This book explores the relation between poststructuralist thought and postcoloniality, and identifies in that interaction the expression of a particular anxiety concerning the form of theoretical writing. Many so-called poststructuralist thinkers, such as Derrida, Cixous, Lyotard, Barthes, Kristeva and Spivak, have turned their attention at some point in their career towards questions either of postcolonialism, or of cultural domination and difference. For all these thinkers, however, a reflection on such questions has generated a sense of unease concerning the assumed neutrality of theoretical discourse, and the inevitable subjective or autobiographical investments of the writing self. The book argues that this anxiety betrays an unprecedented lucidity concerning the particular challenges of writing about ourselves and others at a time of postcolonial upheaval.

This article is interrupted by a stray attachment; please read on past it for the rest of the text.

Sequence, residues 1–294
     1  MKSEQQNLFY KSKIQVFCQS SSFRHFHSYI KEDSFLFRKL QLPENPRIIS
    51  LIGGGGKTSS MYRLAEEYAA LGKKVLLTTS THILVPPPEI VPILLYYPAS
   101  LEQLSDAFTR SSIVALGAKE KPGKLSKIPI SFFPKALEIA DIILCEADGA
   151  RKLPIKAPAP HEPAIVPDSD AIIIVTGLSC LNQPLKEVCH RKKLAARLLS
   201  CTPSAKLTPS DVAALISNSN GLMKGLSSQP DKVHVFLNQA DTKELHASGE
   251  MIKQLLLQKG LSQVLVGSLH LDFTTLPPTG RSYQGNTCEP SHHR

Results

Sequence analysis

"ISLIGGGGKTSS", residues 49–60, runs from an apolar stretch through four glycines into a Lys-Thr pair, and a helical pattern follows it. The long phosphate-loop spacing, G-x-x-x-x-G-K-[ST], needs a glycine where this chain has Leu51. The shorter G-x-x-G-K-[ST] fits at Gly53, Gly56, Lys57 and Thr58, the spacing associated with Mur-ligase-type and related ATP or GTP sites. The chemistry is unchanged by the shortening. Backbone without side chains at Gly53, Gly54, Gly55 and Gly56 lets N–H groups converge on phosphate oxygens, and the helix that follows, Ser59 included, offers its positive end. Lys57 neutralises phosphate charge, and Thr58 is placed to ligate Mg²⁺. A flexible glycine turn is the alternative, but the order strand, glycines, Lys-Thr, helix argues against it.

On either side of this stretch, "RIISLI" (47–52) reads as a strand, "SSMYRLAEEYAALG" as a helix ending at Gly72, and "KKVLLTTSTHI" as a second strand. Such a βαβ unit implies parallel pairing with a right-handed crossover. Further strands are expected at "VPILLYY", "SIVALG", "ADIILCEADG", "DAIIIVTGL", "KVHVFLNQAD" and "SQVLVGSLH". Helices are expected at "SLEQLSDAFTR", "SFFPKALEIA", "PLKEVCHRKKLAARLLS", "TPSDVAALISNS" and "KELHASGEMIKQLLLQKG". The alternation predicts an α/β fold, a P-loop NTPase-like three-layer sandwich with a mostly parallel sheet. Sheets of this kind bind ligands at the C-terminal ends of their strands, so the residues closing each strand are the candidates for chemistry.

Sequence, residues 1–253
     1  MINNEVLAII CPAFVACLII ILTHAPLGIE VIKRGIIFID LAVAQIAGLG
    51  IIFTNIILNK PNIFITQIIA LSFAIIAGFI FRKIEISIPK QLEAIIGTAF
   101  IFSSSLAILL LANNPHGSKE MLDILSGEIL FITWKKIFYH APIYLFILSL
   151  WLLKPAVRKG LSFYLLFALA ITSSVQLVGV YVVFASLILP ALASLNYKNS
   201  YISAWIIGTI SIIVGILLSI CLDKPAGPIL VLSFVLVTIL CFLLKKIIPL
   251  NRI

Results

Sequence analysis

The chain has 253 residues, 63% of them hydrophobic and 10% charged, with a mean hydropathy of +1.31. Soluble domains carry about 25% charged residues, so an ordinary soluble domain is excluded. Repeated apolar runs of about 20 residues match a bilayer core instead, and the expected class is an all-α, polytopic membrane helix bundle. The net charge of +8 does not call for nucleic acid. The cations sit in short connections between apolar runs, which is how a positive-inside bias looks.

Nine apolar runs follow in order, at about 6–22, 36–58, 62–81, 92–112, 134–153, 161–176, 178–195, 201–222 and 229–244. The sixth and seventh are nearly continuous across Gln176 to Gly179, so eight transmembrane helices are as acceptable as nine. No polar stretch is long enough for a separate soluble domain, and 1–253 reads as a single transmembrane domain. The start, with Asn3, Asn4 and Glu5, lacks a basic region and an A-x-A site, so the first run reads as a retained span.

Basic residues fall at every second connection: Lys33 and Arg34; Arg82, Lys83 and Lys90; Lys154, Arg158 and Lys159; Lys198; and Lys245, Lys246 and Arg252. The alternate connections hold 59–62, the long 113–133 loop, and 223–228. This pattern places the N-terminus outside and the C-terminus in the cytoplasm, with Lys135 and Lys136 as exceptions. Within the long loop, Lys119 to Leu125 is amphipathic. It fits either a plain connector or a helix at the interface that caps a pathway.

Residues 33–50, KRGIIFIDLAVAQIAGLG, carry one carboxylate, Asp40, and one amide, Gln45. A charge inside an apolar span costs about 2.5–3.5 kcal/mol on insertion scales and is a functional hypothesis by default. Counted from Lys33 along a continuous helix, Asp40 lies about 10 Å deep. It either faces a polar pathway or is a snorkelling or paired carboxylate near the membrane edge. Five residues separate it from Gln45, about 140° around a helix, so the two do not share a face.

A thorough, well-researched and well-written piece of scholarship. Though it covers a lot of ground, and deals with six notoriously complex and prolific thinkers, the overall project is impressively focused and coherent…This is clearly an accomplished piece of work, and it will be a valuable addition to the growing literature on the topic.
Peter Hallward, Middlesex University
Hiddleston has produced a sophisticated and comprehensive study that genuinely contributes to the literature in this area.
Modern Language Review, Volume 106, Part 4
... this is a very insightful and well-informed contribution to contemporary theoretical debates within this field.
French Studies, vol 65, no 4